3. Gun violence. Speaking of health, statistic after statistic points out the biggest health problem among black and brown young men is bullet wounds. It’s high time that government flat-out recognize gun violence for what it is: a public health emergency. Frankly it’s insulting that the federal, state and municipal governments were planning out what to do if Ebola spread, but the same kind of urgency has yet to be given to kids who get wheeled into emergency rooms with their skins broken by street medallions. Perhaps the intent of MBK is not to deal directly with gun violence and it is a much broader topic, but if you talk to the kids affected by this, they will tell you that they worry about this much more than they do mentoring opportunities or graduating high school.
4. Women and girls. It’s not for me to correlate these two things, but I think back to the Melissa Alexander case, where she faced decades in jail because she had to deal with an abuser who bragged about putting his hands on women. Then I think about R. Kelly’s latest track, “Happy Birthday,” whose video features misogyny so extreme that it’s creative. What are young boys really being taught about girls? Are they being taught that they are commodities to exploit? Are they being taught that slapping a female is the solution to an argument? And if so, who is teaching them these lessons and are there enough men out there who are countering these messages?
What if MBK put its weight behind community programs that actually dealt with how black and brown boys and girls deal with each other, that send a message saying that we’re not enemies? Don’t get me wrong, there are a lot of young men out there who would never put their hands on a woman, even one that was being violent with them. But getting boys on that level intended by MBK absolutely should address domestic violence in order to prevent the familial dysfunction that causes the problems it is trying to solve.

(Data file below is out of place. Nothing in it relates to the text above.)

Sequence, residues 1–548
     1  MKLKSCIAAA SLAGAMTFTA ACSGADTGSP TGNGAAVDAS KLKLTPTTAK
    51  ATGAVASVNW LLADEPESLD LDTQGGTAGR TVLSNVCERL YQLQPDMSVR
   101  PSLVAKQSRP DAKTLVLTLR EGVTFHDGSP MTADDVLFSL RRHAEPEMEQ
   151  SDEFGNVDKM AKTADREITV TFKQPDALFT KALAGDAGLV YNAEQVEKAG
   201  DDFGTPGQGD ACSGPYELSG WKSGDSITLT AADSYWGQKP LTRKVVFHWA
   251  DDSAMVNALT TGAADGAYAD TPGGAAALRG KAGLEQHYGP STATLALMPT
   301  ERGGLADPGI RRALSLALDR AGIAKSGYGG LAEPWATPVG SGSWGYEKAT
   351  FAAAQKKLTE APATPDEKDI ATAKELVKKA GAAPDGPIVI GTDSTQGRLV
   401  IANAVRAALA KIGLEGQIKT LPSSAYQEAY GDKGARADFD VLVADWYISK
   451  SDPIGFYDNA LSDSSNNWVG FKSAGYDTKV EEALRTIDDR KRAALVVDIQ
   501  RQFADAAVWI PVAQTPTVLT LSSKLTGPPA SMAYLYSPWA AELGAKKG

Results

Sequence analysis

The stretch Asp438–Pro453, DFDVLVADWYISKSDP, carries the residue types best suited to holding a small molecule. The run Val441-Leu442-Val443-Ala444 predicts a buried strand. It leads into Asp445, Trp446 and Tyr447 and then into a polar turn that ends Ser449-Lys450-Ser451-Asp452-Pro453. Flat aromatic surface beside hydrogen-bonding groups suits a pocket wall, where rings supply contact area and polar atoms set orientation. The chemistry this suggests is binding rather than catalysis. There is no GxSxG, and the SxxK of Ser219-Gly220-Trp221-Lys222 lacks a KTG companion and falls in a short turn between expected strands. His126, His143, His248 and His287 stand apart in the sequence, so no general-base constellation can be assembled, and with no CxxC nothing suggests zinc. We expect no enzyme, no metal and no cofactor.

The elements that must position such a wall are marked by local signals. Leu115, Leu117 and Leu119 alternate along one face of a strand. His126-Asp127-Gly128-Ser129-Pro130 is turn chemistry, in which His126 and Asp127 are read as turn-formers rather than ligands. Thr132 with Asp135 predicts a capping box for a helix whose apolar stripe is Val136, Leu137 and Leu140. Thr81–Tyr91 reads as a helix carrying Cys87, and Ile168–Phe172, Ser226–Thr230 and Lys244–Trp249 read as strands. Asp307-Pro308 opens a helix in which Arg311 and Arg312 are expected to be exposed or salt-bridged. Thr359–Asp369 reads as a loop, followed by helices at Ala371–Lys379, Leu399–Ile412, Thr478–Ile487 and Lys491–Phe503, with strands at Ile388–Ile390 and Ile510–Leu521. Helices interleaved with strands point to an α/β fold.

5. Environment. It’s not just global warming. Another piece I wrote about a few months ago was about AmaRece Davis, an 18-year-old that got involved with the Student Conservation Association in Pittsburgh. He wound up doing work in Sequoia National Park in California and working to make his hometown’s urban environment better for the people who live there. One of the things I learned from him was that it really can make a difference when youth get a chance to transform their environment from weeds to greenery. But it will take getting blacks involved in conservation projects in their neighborhoods and that means putting young black men to work actually cleaning up the world around them.
I’m not saying the ‘hood needs to look like Downton Abbey, but the Grandmaster Flash lyric “Broken glass, everywhere/People pissing on the stairs like they just don’t care/I can’t take the smell, I can’t take the noise/I got no money to move out, I guess I got no choice,” speaks to the environment young men live in and eventually look at as normal. So maybe MBK should look at how the very environments that youth have to live in and monitor what obstacles are created by it.
Madison J. Gray is a Brooklyn, N.Y.-based multimedia journalist specializing in urban issues and criminal justice. He writes for NewsOne on the subject of Black males in America. Follow him on Twitter:@madisonjgray